The EnviroLab Asia Clinic Trip took place in Japan from May 20 to June 1, 2019. In this blog post, Bailey Lai (environmental analysis, PO’ 19) reflects on the first day of activities. Before the Clinic Trip, students took a class that introduced them to environmental issues of the region. Students also focused on specific research topics by working in lab groups. Bailey’s lab, led by Professor Angelina Chin (history, PO), studied issues of access for the elderly and disabled in Japan. The lab met several times in the spring semester to prepare for the Trip.
22 May 2019
by Bailey Lai (environmental analysis, PO’ 19)
Today was packed full of first-time events. After flying in last night, I awoke in my hotel room to the sun shining through the window. Had I overslept on my first morning of EnviroLab Clinic Trip? No, it turns out: Japan has no daylight savings time, so the sun had risen by 5 AM and woken me up. On top of this, I was still jetlagged from 12 hours of flying and moving 16 hours ahead of the American West Coast. Unable to fall back asleep, I arose from bed and decided on an early start to our first full day. After a hearty breakfast and a welcome presentation with the local hosting staff, we sat in a bus headed towards the iconic Osaka Castle. Visiting this historic castle first thing in our Clinic Trip grounded me in the reality that we are finally in this country we have learned about for the past semester.
After getting a panoramic view of the city atop Osaka Castle, we took our bus to the ATC Ageless Center. Visiting the ATC Ageless Center helped complement our study of barrier-free universal design. Our class got to exhibit different ways in which rooms can be retrofitted with assistive technology and designed with accessibility in mind. We got to ride on wheelchairs through an obstacle course of daily barriers with doors, small ledges, tight corners, and bumpy footpaths. The attendants even let us test a motorized electric wheelchair, which provide a boost going up a slope and automatically brake going down a slope. However, one thing that fellow lab mate Alida and I noted was that a lot of the most advanced assistive technology cost a lot. For example, the wheelchair with two extra sets of wheels to climb stairs looked helpful for homes with staircases, but its cost of over one million yen (approximately $10,000 USD) would make it economically inaccessible to most households.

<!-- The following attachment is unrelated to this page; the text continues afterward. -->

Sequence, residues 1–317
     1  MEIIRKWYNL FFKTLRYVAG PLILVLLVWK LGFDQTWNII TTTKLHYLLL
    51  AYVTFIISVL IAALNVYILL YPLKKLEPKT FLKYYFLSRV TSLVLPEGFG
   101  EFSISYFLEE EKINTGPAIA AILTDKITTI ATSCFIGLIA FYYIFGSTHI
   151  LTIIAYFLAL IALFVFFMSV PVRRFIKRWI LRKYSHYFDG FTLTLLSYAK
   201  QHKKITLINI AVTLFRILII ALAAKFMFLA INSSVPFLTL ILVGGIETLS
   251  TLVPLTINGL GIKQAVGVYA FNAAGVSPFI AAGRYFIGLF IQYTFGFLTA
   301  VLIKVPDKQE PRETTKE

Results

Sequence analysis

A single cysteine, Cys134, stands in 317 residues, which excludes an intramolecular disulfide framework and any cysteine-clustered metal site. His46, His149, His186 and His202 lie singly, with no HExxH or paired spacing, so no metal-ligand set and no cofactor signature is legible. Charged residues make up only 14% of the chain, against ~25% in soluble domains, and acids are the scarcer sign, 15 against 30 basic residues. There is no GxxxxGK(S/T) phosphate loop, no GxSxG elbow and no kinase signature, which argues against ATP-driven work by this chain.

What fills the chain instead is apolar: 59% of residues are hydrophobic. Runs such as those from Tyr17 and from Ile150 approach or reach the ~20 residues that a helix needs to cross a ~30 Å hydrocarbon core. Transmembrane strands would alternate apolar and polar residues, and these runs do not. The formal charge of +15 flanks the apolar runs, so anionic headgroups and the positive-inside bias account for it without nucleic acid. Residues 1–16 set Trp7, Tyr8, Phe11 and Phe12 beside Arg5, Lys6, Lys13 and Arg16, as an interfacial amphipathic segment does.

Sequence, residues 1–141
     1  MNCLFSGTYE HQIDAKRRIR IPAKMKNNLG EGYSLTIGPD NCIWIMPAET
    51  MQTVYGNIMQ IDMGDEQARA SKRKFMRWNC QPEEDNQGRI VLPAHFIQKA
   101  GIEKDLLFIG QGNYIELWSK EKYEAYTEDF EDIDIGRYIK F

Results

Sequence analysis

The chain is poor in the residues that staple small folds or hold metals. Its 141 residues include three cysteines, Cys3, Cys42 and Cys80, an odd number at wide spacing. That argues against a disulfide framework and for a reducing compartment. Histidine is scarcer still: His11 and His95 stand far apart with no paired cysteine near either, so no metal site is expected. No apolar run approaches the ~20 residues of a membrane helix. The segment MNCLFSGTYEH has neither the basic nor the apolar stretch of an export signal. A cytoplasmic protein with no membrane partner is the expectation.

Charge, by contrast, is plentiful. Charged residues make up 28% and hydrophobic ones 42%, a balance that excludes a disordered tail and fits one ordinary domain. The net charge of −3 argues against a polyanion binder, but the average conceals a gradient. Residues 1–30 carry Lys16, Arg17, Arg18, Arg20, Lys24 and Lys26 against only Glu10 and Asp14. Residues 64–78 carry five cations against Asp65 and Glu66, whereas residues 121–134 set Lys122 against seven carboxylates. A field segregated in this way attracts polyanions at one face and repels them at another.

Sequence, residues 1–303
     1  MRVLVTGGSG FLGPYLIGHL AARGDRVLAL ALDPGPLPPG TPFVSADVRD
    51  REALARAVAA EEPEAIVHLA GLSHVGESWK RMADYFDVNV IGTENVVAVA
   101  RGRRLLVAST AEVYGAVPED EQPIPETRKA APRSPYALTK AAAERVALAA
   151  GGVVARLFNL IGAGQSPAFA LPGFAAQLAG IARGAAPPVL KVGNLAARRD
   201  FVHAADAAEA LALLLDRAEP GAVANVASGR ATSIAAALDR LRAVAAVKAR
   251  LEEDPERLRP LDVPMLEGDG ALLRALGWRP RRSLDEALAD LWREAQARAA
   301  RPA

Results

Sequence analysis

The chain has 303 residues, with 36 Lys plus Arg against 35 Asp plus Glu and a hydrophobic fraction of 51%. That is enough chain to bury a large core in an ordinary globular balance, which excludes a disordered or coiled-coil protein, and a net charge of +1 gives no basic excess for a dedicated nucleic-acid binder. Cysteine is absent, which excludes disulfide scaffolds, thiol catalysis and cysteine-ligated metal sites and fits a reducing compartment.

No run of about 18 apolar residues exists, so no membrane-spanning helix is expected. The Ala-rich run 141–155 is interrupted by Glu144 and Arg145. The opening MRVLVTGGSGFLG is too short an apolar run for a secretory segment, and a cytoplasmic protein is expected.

Touring the environmental products showroom also presented novel ideas. In Japan, many companies hoping to reduce their waste rely on each other’s different expertise to create new systems of sustainability. For example, the green tea company Itoen produces over 50,000 tons of tea leaf waste annually, so they asked over 150 outside companies to design products to recycle and reuse this byproduct. This led to creative results like paper envelopes and plastic containers made partly from used tea leaves. From this presentation, we learned the importance of many companies collaborating to find opportunities for reuse, repurpose, and reselling of what we usually consider “waste”.
Later in the afternoon, we toured the barrier-free guest rooms in the Big-I International Communication Center for Persons with Disabilities, the hotel we are staying at. Looking at the guest rooms gave us a better sense of how barrier-free design has been implemented in real life. However, the hotel employee guiding us also share that funding was a concern. The government originally paid to build and run Big-I as the country’s first showcase of barrier-free accessible design, but after budget cuts a non-profit now runs the center. As funds from NGOs are much more limited, the Big-I has not been updated much since its opening in 2001, as maintaining and upkeeping the existing equipment and building uses most of the budget. Our group visited a lot of informative exhibits related to our lab today, and I cannot wait to see what will be coming next.